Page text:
The Internet is now present almost everywhere in Europe, with more and more Europeans accessing it on mobile devices, shows the latest overview of digital progress in the EU. This fact lies in stark contrast with another finding, namely that almost half of the same population has little or no computer skills.
The June 2012 to May 2013 EU Digital Agenda Scoreboard has revealed that basic broadband connections are now available virtually everywhere in Europe and that the proportion of Europeans that have never used the Internet is continuing its steady decline (down 2 percentage points to 22%). Connected users also do more online, shop online more and use eGovernment services more, including advanced ones.
As already indicated in last years’ assessment, an increasing number of people are beginning to use mobile devices to go online. 36% of Europeans are now accessing the internet via a portable computer or other mobile device, with access via mobile phone up from 7% in 2008 to 27% in 2012. 4th generation mobile (LTE) coverage tripled to 26% in one year.
However, as more and more Europeans go mobile, there still remains a large number of them that claim to have little or no computer skills.
No improvement over the last year
The Scoreboard showed that neither the amount nor the level of ICT user skills has improved over the last year. 67% of individuals in Europe now have some level of computer skills: 26% have high skills, 25% medium skills and 16% low skills. 33% had none of the skills defined in the survey. As such almost 50% of the EU population still has little or no computer skills.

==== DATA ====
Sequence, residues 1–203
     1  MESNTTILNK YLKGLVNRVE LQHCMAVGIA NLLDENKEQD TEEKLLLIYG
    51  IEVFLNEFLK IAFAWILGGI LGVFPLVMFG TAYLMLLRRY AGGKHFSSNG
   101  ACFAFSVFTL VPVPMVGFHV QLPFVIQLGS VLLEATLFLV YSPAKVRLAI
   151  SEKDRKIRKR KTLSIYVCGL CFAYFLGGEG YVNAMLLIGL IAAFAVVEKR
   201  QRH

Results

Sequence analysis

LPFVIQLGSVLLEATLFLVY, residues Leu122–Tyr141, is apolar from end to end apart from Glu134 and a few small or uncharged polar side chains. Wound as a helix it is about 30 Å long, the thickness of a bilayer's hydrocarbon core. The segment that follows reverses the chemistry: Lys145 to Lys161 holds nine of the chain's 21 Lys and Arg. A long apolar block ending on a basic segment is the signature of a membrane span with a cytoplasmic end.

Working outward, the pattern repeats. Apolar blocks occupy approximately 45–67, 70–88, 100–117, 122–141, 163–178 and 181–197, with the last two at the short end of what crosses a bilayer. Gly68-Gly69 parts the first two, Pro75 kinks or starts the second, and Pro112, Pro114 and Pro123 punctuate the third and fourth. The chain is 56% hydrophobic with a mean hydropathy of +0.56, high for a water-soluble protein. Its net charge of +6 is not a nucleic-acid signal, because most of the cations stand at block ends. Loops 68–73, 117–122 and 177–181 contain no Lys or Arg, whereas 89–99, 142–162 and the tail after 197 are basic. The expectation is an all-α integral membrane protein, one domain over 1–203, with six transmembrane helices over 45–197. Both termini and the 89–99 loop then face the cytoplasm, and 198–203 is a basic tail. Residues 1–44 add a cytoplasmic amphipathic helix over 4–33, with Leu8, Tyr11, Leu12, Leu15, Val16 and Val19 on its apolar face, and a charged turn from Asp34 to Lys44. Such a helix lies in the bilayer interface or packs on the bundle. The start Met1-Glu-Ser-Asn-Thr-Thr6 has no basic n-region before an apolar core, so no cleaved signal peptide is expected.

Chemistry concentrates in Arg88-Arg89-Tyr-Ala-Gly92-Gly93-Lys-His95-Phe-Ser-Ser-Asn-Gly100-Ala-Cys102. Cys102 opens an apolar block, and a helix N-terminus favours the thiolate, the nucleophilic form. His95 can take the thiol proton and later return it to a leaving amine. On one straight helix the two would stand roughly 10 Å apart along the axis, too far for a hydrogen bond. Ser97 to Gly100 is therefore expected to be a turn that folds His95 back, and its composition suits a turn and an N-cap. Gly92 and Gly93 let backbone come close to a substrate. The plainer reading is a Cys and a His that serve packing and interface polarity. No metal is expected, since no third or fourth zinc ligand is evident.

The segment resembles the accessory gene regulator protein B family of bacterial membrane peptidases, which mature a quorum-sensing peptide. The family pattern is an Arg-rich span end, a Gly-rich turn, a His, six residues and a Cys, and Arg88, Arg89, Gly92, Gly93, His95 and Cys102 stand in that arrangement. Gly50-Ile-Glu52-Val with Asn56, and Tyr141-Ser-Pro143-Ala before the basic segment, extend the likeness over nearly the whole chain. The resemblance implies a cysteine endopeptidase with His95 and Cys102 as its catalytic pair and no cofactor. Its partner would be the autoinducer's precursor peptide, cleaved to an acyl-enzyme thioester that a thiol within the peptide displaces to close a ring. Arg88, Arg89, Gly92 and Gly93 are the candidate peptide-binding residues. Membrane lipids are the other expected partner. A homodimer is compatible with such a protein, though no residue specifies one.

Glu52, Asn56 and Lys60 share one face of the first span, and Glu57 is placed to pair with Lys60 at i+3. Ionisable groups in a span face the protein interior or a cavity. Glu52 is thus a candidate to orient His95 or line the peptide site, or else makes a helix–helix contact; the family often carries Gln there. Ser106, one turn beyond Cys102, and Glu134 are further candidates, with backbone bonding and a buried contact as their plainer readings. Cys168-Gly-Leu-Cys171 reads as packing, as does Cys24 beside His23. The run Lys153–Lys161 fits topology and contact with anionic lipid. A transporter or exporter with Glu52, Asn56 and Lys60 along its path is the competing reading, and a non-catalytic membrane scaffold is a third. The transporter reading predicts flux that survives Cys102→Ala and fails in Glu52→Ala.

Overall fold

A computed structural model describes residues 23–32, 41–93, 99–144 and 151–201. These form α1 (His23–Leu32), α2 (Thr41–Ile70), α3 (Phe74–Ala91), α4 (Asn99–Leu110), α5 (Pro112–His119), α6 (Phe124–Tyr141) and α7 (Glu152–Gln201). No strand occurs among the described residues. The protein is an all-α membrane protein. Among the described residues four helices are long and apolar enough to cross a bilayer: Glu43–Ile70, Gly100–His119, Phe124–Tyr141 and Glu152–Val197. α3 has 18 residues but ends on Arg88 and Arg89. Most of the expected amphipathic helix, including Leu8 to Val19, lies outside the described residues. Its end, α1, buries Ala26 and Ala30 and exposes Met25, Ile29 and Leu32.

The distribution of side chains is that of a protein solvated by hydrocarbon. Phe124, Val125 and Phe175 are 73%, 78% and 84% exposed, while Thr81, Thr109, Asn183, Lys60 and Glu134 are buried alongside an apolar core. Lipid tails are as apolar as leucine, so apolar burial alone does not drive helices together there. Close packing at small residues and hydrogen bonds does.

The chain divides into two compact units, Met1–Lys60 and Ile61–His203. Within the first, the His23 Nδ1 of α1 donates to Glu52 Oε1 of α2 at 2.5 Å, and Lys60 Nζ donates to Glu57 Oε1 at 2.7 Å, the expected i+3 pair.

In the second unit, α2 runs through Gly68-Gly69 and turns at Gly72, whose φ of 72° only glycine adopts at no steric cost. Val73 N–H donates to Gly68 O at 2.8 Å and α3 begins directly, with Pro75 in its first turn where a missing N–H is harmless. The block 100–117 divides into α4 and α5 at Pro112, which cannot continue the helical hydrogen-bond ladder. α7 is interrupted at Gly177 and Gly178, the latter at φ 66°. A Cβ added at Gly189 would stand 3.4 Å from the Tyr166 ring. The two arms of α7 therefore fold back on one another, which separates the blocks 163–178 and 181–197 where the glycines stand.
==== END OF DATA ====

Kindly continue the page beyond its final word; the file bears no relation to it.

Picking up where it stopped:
Given the growing necessity for digital skills in Europe – in particular, the projected 90% of jobs that will soon require some digital skills – it seems much needs to be done to improve the digital skills levels of EU citizens, and the perception of more than half of the labour force that their current digital skills are not sufficient were they to look for another job.
Missing out on future benefits
But lack of ICT skills is not the only setback Europe is faced with: while 54% of EU citizens now have at their disposal fast broadband available at speeds greater than 30 Mbp, only 2% of homes have ultrafast broadband subscriptions (above 100 Mbps), far from the EU’s 2020 target of 50%. Though it is true that Europeans have basic digital networks and services, they are missing out on the main current and future benefits of the digital revolution because of problems in Europe’s telecoms and wider digital markets, warns the European Commission.
To this end European Commission Vice-President Neelie Kroes has called for measures to create a Single European Telecoms Market as early as possible, bringing several social and economic benefits, among them the end of roaming charges and net neutrality.
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